In 2002, a project will be executed by SEBRAE (Serviço Brasileiro de Apoio às Micro e Pequenas Empresas) in Rio Grande Do Norte, Paraiba and Bahia in the north-east of Brazil. The main objective of this project is to obtain new sisal fiber applications with increased added value. The focus areas are geo-textiles and composites for the automotive industry and civil building. Besides the design of the related products, bringing them to the market forms an important project part. Main beneficiaries are rural population in producing areas in Brazil. This population will get the follow benefits: (i) new jobs; (ii) technological procedures; (iii) new market opportunities.
Composite Applications using Coir Fibres in Sri Lanka
In an era where natural fibre based products gain increasing market acceptance, the coir industry in Sri Lanka seems to loose international market share. Very limited break through and value added products have been internationally launched in the past decades from Sri Lanka. In order to increase the market penetration of coir in the present industries, and also to penetrate new industries, in addition to traditional products, new and innovative technologies are needed.
The present project aims to assess the suitability of coir fibre for the use in presently available composite technologies and thereby determine the potential for marketable products. It is hoped that in this project a real synergy between applied R&D and International Marketing orientation will lead to commercially acceptable results. This project is an initiative of:
Sri Lanka: Jafferjee Brothers - Zylyon International b.v., Hayleys Group, The Industrial Technology Institute (ITI)
The Netherlands: Delft University of Technology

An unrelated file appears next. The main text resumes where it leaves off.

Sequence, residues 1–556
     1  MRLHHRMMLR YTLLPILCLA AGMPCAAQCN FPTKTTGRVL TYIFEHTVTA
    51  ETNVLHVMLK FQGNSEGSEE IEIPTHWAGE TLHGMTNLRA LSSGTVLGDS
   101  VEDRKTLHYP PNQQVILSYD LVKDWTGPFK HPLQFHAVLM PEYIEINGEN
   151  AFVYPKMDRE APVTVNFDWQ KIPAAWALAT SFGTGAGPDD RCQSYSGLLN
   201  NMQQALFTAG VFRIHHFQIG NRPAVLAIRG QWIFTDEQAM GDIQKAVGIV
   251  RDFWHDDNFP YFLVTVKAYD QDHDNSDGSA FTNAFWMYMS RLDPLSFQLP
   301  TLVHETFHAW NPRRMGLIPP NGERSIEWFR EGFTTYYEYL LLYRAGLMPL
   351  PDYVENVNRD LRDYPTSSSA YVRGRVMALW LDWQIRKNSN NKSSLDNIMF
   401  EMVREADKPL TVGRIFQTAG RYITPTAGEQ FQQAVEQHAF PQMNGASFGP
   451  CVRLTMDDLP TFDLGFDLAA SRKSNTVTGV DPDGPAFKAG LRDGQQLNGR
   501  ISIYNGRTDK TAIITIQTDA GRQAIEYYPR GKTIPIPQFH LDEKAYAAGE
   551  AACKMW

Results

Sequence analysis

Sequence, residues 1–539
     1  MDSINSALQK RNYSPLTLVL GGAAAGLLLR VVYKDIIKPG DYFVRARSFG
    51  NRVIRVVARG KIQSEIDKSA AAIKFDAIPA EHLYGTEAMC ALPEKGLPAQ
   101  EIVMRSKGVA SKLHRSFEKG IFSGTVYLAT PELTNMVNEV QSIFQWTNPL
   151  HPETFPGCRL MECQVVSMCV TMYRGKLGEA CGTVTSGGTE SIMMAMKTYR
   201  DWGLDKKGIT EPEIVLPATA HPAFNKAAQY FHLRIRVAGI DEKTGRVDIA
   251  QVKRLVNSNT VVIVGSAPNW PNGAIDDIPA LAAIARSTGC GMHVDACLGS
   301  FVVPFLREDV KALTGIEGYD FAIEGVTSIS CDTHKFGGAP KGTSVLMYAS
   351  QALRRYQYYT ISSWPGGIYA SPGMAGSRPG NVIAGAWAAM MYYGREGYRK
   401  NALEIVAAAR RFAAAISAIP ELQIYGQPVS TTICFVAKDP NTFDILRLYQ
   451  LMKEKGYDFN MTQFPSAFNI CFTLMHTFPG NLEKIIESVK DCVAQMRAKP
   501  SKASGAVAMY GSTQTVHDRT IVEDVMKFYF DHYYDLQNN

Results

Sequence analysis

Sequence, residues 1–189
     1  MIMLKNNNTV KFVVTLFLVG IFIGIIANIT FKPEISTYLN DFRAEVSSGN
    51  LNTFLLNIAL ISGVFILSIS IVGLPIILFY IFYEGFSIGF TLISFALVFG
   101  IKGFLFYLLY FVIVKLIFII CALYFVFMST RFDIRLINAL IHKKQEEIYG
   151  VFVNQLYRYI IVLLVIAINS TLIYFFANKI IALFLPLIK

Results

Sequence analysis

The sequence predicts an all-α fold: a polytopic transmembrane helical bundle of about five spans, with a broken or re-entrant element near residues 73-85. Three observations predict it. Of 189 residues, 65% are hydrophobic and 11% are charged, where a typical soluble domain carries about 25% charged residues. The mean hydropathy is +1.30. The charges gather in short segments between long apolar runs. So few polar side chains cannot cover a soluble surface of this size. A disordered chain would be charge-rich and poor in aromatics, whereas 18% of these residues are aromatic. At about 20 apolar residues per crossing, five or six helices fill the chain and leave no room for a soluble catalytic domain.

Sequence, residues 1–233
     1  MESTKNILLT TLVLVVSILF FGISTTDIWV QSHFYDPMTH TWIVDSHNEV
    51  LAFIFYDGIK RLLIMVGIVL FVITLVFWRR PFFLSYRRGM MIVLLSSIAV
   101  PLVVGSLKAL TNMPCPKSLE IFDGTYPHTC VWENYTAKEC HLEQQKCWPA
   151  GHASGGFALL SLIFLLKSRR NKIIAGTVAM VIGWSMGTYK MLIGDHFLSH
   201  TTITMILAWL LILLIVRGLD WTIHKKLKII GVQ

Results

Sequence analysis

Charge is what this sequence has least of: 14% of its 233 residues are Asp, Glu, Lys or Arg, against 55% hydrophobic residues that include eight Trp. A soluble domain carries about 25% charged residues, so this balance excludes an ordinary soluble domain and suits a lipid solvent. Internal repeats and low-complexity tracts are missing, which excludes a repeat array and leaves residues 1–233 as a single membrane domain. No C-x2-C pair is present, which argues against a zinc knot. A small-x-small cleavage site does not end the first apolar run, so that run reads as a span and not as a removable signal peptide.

Sisal Fibres from Madagascar in New Composite Applications
Sisal fibre is grown in large quantities on Madagascar. Applications are cordage, ropes, car-interior panels, geo-textile and paper. Today, two problems are faced: these sisal products are loosing their market to artificial materials, and secondly, sisal is mainly exported as raw material with very low added value. Component manufacture takes place outside Madagascar (Europe) Competition with other sisal suppliers is strong and profits are low.
With the right know-how on processing technologies, sisal composites can easily be introduced in developing countries without the need of large investments. At the Delft University three of those low-investment technologies have developed, being the vacuum injection technique, LFT pressing and filament winding. These techniques will be further optimised for sisal fibre composites, resulting in directly applicable products. The new applications that sisal composites can offer and the fact that components instead of raw material can be exported will both have a positive impact on the competitiveness of sisal. Besides Delft University of Technology also SIFOR, Societe du Sisal Malgache, Domain Pechpeyrou, Antananarivo University, the Malagasy Institute of Technology and Syndicat de Producteurs de Sisal de Madagascar are involved.